BEWARE OF FALLING SKY: I’ve been so busy lately
that I haven’t found the time to watch the remake of The Poseidon
Adventure — that great water-logged disaster epic from the ’70s.
Neither, it turns out, have my friends working at the News-Press.
They’ve been too busy living their own version of the disaster
movie, the big difference being that their turmoil is real. If and
when the News-Press runs aground, it’s bad news for the whole

The fact is, daily newspapers matter. And in a self-obsessed
town like Santa Barbara, an intelligent daily newspaper is critical
to the expression of our collective narcissism.
Since billionaire Wendy P. McCaw bought the paper
in 2000 and had the good sense to hire Jerry
 — a hotshot editor from the San Francisco
Chronicle — the news pages have been humming. Sure, there have been
dumb stories, like May 3’s fawning front-page article explaining
how Jeffrey Barbakow — former high-flying CEO of
Tenet Healthcare — was named president of the
Santa Barbara Intergalactic Film Festival, without
even mentioning that under Barbakow’s leadership, Tenet, the second
largest private healthcare system in the country, has become
embroiled in one of the nation’s nastiest corporate meltdown
scandals, avoiding criminal sanction by the skin of its teeth. And
who can forget last year’s probing photojournalistic investigation
into whether volleyball players have great butts? But we all make
dumb mistakes. For the most part, N-P reporters have been putting
out some kick-ass work. One would think that, in a rational world,
Wendy P. and the Powers-That-Be would be enthralled with Roberts’s
performance. But at the News-Press, the inmates staged a coup a few
weeks back and took over the insane asylum. About three weeks ago,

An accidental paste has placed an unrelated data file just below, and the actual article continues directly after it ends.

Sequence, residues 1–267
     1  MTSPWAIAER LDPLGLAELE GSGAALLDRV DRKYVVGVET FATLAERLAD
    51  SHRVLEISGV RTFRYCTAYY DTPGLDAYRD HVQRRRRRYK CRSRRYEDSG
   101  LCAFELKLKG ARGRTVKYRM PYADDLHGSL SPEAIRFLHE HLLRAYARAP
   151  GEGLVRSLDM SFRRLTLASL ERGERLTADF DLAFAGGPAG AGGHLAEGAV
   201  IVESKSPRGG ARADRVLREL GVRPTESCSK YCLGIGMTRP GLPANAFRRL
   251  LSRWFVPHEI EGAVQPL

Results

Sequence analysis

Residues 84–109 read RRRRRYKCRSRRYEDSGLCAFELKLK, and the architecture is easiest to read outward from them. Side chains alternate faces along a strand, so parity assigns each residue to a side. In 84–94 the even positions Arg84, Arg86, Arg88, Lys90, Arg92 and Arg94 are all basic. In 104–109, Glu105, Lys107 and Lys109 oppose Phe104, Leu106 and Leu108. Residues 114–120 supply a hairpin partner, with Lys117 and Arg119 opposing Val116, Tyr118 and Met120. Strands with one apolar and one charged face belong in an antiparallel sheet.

McCaw pulled an off-with-your-head on the paper’s publisher,
Joe Cole, her onetime attorney and longtime
business adviser. Cole was replaced with McCaw’s perennial fiancé,
Arthur “Nipper” Von Weisenberger — internationally
known as a bottled water connoisseur. In the ’80s, he also ran a
Montecito nightclub fondly remembered by many as the site of much
hedonistic excess. In the newsroom, Cole was
regarded as an ally. A big, smart guy who coulda delicately
insinuate an unstated threat into an otherwise amiable exchange,
Cole seemed to care about journalism and what people in the
community thought about the paper. With Cole’s departure, N-P
employees are certain Roberts is next and accordingly have
initiated an informal “Roberts Watch.”

For every step forward Roberts took the paper, the N-P’s
editorial pages — captained by the ever-indignant Travis K.
 — have set the paper back at least three. Now
known as “Wrong Way” Armstrong since his arrest on
DUI charges three weeks ago while driving the wrong way down a
one-way street, Armstrong clearly believes you can drown more bees
with vinegar than you could ever catch with honey. The term
bully pulpit” clinically reflects his editorial
approach, and local politicos — from lefty wankers to main-street
corporate types — learned the best they could expect from Travis